Editor’s note: Miwa Tamanaha is executive director of KAHEA, an alliance of Native Hawaiian cultural practitioners and environmental advocates concerned with protecting Hawai’i’s environment, resources, and people. KAHEA and other local and national conservation organizations worked for years to gain protection of the Northwestern Hawaiian Islands, culminating in the designation by former US President George W. Bush of the Papahānaumokuākea Marine National Monument in 2006 (MPA News 8:1).
The Native Hawaiian monarchy that ruled Hawai’i as a sovereign state was overthrown in the 1890s as part of a US government-supported coup. Hawai’i became a US state in 1959.
By Miwa Tamanaha
Hawaiian management of marine resources is a system that has changed over time. As do Western systems, Native Hawaiian policies toward ocean resources have evolved in response to political shifts, environmental changes, and social realities. So when we say “Native Hawaiian management”, we are talking about different things at different times and different places.
However, we can identify a few fundamental principles that characterize Hawaiian resource management systems. In the Hawaiian language, there is no word for “religion” and no word for “nature”. What is fundamental to Hawaiian management of resources is a world in which the sacred is intimately tied to resource management, where the separation of “nature” and “gods” and “man” is not analogous to Western divisions. (For example, a god may be embodied in an animal or landform, and that landform or animal may be an ancestor to a living human.) Also, the rights and responsibilities on which Hawaiian resource management is based are intergenerational. This is such that the rights “belong” to the following generation, for which today’s managers are to be stewards.
In practice, even after overthrow of the monarchy and up until statehood in 1959, there existed in Hawai’i an evolving and complex system of rights and responsibilities through which marine resources in Hawaii were managed. The basic unit of this system was the ahupua’a, a land subdivision that generally runs from mountain to sea, often following from spring to stream mouth to nearshore ocean area. Embedded in this system was the sovereignty of communities to manage resources as a commons, including via closed seasons for species of fish and closed areas for fishing.
The success of Papahānaumokuākea
Planning and management for Papahānaumokuākea Marine National Monument began long before it was designated in 2006.
Uncle Louis “Buzzy” Agard, one of our kupuna (community elders), used to fish the Northwestern Hawaiian Islands many years ago. He tells the story of how he began to see that the fish he was taking did not come back – that there were fewer each trip. On one trip, he looked around and was struck with a revelation of the broad history of exploitation of that place – from sandalwood trade to whaling, from coral harvest to pearl oysters driven close to extinction. He knew, he says, that this was not what the place was for. He turned his boat around and never went back. Similarly, when fishing permits for Native Hawaiian fishers were made available to take boats up to the Northwestern Hawaiian Islands, many who had the skill to go purposefully refused those permits.
Though many individuals and organizations from other parts of our planet brought critical resources to the effort to create an MPA for the Northwestern Hawaiian Islands, this effort was led by Native people and practitioners. The MPA we have in place today was built upon the vision they first articulated in the 1990s, at a time when Federal proposals for the Northwestern Hawaiian Islands were focusing instead on expanded tourism and a new recreational fishery. The no-take protections in place for the Monument are rooted in the protective rules that Hawaiian practitioners put to paper.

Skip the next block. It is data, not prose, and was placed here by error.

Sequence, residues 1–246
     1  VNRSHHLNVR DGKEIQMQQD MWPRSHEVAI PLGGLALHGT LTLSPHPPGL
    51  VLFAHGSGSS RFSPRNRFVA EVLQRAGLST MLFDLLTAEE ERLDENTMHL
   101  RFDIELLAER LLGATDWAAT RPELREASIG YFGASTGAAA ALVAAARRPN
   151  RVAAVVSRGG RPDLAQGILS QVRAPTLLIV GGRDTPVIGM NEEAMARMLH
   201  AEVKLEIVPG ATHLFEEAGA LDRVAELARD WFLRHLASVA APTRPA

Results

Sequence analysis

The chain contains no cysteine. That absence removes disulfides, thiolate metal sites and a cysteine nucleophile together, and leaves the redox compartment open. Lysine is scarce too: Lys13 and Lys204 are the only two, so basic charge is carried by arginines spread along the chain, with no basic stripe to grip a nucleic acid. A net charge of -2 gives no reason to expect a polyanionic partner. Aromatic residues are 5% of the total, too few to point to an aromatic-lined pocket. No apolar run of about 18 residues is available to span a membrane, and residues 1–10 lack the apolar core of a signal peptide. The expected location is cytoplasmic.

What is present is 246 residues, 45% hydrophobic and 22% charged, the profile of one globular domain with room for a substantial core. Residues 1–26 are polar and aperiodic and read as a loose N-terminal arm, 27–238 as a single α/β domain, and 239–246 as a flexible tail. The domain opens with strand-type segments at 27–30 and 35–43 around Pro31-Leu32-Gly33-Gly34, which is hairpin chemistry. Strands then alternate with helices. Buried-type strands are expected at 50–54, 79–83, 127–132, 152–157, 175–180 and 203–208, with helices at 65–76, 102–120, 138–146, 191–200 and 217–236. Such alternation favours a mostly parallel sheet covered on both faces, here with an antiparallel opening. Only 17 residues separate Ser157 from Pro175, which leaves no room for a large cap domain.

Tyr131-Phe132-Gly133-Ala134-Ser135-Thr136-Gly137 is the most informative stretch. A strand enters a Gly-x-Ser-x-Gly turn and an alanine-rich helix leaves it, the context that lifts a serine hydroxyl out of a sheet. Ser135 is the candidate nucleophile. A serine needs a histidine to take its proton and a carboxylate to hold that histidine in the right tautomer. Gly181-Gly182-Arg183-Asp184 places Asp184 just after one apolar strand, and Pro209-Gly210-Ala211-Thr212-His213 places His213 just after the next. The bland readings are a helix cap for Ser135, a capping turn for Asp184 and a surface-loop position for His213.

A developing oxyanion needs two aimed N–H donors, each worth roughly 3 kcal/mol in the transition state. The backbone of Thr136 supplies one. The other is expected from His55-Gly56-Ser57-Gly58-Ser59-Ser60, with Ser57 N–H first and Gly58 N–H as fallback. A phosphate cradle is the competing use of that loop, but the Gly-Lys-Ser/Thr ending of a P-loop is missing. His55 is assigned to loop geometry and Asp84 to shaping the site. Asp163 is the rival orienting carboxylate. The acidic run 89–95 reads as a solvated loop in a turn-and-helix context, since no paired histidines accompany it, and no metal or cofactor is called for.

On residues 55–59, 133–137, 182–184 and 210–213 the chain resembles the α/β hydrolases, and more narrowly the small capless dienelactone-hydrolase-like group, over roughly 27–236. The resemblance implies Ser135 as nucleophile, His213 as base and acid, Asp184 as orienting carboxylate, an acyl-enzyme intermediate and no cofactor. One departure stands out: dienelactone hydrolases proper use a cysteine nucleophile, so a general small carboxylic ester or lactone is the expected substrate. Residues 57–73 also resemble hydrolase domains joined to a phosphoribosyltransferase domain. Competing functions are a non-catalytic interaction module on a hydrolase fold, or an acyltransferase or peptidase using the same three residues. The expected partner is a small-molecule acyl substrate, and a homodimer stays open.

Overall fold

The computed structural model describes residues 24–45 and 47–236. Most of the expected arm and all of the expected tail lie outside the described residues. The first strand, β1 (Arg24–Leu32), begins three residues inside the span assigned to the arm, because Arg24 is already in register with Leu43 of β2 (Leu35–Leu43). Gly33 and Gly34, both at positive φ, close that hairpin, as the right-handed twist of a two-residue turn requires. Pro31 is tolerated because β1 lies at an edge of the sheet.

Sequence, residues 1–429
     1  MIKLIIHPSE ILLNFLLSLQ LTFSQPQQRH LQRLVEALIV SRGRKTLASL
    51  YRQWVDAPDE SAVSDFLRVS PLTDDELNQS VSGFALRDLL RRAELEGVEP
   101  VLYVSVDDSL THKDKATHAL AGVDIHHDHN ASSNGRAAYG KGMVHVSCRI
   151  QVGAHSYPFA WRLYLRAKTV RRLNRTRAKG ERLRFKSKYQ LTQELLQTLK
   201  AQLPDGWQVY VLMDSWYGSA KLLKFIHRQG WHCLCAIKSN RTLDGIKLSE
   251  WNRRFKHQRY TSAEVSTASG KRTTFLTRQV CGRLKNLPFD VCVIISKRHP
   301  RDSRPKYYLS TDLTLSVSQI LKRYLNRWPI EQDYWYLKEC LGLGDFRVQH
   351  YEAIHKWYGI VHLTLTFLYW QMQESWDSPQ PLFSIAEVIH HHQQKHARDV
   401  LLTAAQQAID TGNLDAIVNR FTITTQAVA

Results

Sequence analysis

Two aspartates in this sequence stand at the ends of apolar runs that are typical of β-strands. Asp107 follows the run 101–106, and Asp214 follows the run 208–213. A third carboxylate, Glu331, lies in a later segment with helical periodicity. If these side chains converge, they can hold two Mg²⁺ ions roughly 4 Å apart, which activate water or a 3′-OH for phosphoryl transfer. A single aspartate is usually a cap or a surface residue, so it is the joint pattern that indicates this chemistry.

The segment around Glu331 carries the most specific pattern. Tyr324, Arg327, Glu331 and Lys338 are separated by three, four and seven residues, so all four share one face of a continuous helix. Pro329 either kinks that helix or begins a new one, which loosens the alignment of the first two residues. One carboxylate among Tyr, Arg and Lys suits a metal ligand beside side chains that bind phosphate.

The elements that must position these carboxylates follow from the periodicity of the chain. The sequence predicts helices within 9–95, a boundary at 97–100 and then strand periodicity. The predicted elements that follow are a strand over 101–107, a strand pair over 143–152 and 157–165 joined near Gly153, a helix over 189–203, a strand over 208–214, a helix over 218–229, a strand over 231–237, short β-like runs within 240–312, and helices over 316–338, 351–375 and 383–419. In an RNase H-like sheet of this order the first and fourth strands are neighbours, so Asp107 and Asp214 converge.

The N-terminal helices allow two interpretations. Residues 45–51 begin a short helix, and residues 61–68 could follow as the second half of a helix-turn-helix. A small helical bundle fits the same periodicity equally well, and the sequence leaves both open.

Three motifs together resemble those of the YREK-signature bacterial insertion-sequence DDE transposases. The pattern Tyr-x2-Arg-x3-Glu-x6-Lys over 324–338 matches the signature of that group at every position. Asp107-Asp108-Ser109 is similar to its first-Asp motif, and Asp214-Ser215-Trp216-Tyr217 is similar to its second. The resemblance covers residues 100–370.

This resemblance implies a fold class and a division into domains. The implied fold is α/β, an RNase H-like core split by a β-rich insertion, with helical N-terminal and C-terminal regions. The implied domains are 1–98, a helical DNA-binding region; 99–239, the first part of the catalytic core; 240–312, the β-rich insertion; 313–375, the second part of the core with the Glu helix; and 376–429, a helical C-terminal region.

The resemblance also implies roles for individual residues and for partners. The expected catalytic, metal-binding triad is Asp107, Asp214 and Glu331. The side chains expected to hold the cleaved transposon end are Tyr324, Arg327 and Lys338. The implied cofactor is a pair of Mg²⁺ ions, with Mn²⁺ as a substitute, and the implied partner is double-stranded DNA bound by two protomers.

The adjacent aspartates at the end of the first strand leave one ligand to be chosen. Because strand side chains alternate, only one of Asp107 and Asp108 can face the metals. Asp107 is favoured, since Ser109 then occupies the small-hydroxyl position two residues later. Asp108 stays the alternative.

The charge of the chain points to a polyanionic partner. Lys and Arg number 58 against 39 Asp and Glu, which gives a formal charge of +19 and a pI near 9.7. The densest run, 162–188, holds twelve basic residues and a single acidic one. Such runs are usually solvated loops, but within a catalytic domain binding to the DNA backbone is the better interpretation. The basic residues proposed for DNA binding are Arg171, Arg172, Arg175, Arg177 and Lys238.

There remain challenges, though. To date, the Monument still has no public advisory body. The Federal agencies in charge of the Monument are exercising authority, but with little to no public accountability or transparency. And despite the contribution of cultural practitioners to the establishment of this MPA, public dollars dedicated to cultural access, practice, and research remain a small fraction of the total public funds spent in the Northwestern Hawaiian Islands – less than 1%, according to the Monument Management Plan.
We have come a long way, but we also have a long way to go. Every day we are working toward the realization of accountable, integrated, and cooperative management.
MPAs as part of an eco-cultural system
We must recognize that the damage done to the world’s oceans – overfishing, poor water quality, marine debris, coral bleaching, disease, hypoxia – is overwhelmingly the result of unsustainable practices of industrialized societies. Yet the burden of conserving what remains often falls to native peoples and first nations. Efforts to establish MPAs should respect their sovereignty to determine the future of their people, and the future of the natural resources on which their survival depends. Indigenous people are not one of many stakeholders, and should not be treated simply as advisors to a process that is imposed upon them.
In the Northwestern Hawaiian Islands, the effort to create the MPA that became the Monument was led by fishers and other cultural practitioners. Good marine science is imperative, but is not enough. Place matters. Culture matters. MPAs are not a model to be plopped on top of a place and its people. Marine areas, however remote, are part of an eco-cultural system in which people, place, and culture are inextricably intertwined. MPAs must responsibly become part of that eco-cultural system, and when done right, will be appropriate to their place.
For more information:
Miwa Tamanaha, KAHEA, Honolulu, Hawai’i, US. E-mail: firstname.lastname@example.org